New at the 500-series lunchbox cafe this week is the PT2-500. TRUE Systems' Tim Spencer has managed to take the clean, full sound of his P2analog (Tape Op #44), create an even more full-bodied, high-resolution mic preamp/DI with his new "Type-2" circuit design, and shrink it down to fit into one slot of a 500-series rack. This was no easy feat, as there limitations in the voltage and current standards of the 500-series format. Of course, those who read "Behind the Gear" with Tim Spencer in Tape Op #72 will know that Tim is a meticulous guy who utilizes modern components and innovative design principles to obtain higher gain and lower noise in his circuitry. I personally know how Tim worked hard to get the most robust output possible from 16-volt power supply rails, and how he iterated the design until he was satisfied that it met his goals. At WaveLab Studio, we were lucky enough to test various prototypes of the preamp, and we helped evaluate the final sonics of what has become the production circuitry. The supplied specs for the new Type-2 design show that the unit is capable of +29 dBu of output, and when the Hi Gain switch is engaged, the module boosts the signal from 18 dB at its lowest gain setting up to a whopping 70 dB at the highest setting. It can handle up to +21 dBu of input in the standard gain mode (6-58 dB), which is good because there is no pad on the input. Instead of being able to pad down, the PT2-500 has boost capability which extends the output-driver gain cleanly enough to provide plenty of gain for low-output mics (like passive ribbons), without additional coloration or noise. In fact, it might be that Tim Spencer has managed to design the highest headroom, highest output preamp that fits in a single 500-series slot. TRUE preamps are transformerless, using modern solid-state components built to last, requiring no biasing or adjustments. The PT2-500 is clean and straightforward and comes in the familiar red color of the brand. It has a nice, large, easy-to-turn detented gain knob that feels great; it's great to know that you can use one preamp with multiple mics and instruments, and with confidence, go back and forth between settings quickly. The module has buttons with corresponding LED indicators for high gain, polarity, high-pass filter (80 Hz), and phantom power. Also included is an unbalanced DI input and, in a stroke of genius, an unbalanced parallel thru jack. Finally a mic preamp that understands that a DI should have a thru source to be a usable DI!!! It's always amazed me how that simple feature is left out, when the things you use a DI for the most (like bass!!!) often cry out for that thru jack to go to an amp or make a split into another preamp or effects unit. When Tim first asked me about the idea of taking up what little precious space there is on that little faceplate with the extra jack, I said he should do it because that is what a DI should do. Two weeks later, he came back with another prototype with those double DI 1/4" jacks, and we used it to run a bass DI straight to Pro Tools and also thru to an amp. That was enough to convince him to make it part of the final design. A few weeks later, Tim came back with two more prototypes and asked us to evaluate which one sounded better. He felt that the new design was closer to his goals for the Type-2 design, and he wanted to know if we could hear the difference. We set up the two units in our lunchbox, hooked them up to our Red Type A bottle mics with matched R6 (C 12 reference) capsules, and placed them facing flat down over our piano, end-to-end with the two capsules almost touching each other. It looked like a pair of goggles on the same centerline of the piano soundboard. The piano lid was removed to prevent uneven reflections. We recorded some basic chords on the piano to Pro Tools, being very careful to match levels (pretty easy with those detented pots), and then switched the respective mic preamps and played some more in case there was more bass or treble being heard by one mic position versus the other. Not exactly rocket-science perfect -but we felt we had covered the variables well enough to evaluate playbacks. Chris Schultz, our intrepid engineer, went first. In blind tests, he immediately noticed a subtle but noticeable difference, and he picked the new design every time. Next we asked our part-time intern Ricky, who happened to come in during this little test; he had no idea what we were doing. We played the second-pass recording with the mic preamps swapped, and he too consistently picked the new prototype. Since I conducted the tests, I was closer to the monitors and what my ears observed was a tightening of the bottom end that made the piano less muddy, a bit more midrange presence that gave it more authority, and a really clean and beautiful top end that made the upper harmonics of the piano sound very sweet. We called Tim and let him know to go with design two. So, for awhile, we had the original design and the soon-to-be final design prototypes in our lunchbox and got to use both of them. The Type-2 prototype was the go-to preamp of course, and the original prototype was used occasionally. During that time, we got to use the PT2-500 on acoustic guitar, piano, Hammond organ, marimba, and lots and lots of bass DI setups. On a mix session, I needed a little Moog love to add some low tones and hooked our Micromoog up to the PT2-500 DI input and ran the thru jack to my RE-301 Space Echo to get a track of clean synth and a companion track of delayed and intensely-swept feedback/echo craziness. One instrument split to two sources via one preamp is a beautiful thing. We have since given back the non-production unit and now have a final version installed in our rack, and it's getting used every day. We love our P2analog for our Royer SF-12 (Tape Op #25) but now have its little buddy in the 500 rack for another ribbon -a very welcome addition. Like its Precision 8, P2analog, and P-SOLO preamps, TRUE Systems has made another great, reliable preamp that adds that extra detail in both design and sonics. If you have any open 500-series slots in your studio, and you are wondering how to fill them, I recommend you check out the PT2-500. Oh, did I mention that the list price is only $695? Wow! ($625 street;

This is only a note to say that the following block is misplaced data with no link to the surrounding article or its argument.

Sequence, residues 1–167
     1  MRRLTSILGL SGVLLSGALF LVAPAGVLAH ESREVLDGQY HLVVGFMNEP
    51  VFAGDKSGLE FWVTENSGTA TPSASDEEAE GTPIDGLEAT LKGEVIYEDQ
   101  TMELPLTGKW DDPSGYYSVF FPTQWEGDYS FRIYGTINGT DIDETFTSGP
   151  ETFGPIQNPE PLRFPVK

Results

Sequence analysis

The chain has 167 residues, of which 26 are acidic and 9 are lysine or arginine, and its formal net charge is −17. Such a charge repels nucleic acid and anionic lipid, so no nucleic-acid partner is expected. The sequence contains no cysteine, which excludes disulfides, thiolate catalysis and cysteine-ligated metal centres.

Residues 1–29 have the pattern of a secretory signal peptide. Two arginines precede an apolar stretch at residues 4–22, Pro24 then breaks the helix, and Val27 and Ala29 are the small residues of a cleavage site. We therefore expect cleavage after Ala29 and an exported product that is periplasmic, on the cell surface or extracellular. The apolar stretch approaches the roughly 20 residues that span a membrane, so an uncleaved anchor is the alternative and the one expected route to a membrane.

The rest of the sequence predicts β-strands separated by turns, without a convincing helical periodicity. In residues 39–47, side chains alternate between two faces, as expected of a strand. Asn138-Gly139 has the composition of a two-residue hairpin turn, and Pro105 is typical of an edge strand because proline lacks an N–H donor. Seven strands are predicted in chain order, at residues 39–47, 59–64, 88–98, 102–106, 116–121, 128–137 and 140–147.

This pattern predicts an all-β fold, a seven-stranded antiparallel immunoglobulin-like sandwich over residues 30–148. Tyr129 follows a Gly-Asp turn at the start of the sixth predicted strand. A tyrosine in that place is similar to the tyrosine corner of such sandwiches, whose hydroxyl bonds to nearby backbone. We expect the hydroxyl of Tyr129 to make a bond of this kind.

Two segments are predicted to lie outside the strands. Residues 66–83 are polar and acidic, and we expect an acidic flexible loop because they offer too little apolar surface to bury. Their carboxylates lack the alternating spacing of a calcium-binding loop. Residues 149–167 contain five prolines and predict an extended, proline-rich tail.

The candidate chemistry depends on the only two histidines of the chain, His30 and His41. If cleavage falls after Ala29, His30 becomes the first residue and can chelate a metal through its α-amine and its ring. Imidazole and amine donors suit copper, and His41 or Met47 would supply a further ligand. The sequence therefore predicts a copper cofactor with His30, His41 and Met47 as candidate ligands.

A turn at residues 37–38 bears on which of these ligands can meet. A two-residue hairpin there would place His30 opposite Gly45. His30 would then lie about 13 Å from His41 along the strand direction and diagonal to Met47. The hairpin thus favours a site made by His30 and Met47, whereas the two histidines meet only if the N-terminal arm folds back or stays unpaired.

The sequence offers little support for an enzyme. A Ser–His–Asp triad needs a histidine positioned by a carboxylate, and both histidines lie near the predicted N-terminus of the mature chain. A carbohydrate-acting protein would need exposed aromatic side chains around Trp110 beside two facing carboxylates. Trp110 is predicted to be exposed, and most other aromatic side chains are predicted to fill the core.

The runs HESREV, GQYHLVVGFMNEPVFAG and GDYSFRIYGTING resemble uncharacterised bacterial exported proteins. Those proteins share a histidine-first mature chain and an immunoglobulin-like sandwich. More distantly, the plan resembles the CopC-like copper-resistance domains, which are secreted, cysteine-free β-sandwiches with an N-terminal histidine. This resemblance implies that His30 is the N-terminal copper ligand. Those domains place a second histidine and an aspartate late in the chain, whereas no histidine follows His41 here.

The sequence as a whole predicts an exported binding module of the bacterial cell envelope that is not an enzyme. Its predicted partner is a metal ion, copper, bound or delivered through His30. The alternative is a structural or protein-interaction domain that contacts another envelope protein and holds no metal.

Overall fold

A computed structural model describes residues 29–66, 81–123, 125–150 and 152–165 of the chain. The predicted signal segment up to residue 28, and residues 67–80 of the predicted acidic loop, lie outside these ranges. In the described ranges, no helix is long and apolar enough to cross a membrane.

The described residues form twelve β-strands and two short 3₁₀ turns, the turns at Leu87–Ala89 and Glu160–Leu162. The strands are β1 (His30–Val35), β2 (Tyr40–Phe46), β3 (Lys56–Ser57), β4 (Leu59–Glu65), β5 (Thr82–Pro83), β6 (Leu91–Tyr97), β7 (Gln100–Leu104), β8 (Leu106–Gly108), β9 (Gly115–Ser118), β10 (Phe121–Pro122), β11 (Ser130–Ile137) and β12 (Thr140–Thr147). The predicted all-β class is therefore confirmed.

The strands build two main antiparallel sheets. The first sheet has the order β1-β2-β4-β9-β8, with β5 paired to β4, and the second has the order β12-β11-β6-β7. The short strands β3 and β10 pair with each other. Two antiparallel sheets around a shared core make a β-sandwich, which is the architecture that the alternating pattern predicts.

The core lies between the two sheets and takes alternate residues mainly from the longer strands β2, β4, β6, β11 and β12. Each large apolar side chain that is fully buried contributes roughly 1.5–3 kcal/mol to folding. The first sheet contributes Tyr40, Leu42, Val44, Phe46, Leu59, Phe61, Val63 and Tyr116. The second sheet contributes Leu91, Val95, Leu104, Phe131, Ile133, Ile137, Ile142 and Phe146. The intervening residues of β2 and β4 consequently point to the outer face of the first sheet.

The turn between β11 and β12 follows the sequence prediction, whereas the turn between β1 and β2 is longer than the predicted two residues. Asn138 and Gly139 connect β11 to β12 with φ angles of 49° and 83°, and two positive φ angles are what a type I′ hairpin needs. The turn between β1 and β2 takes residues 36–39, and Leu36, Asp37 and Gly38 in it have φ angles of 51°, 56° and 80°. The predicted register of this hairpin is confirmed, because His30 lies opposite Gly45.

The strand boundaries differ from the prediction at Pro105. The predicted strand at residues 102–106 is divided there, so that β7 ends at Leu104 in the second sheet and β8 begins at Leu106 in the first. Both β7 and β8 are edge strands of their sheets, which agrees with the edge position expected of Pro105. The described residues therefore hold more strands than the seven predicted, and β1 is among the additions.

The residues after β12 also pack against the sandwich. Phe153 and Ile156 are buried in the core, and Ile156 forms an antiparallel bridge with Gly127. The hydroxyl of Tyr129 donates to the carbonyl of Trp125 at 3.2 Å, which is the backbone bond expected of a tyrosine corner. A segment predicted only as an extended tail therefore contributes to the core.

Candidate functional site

Tape Op is a bi-monthly magazine devoted to the art of record making.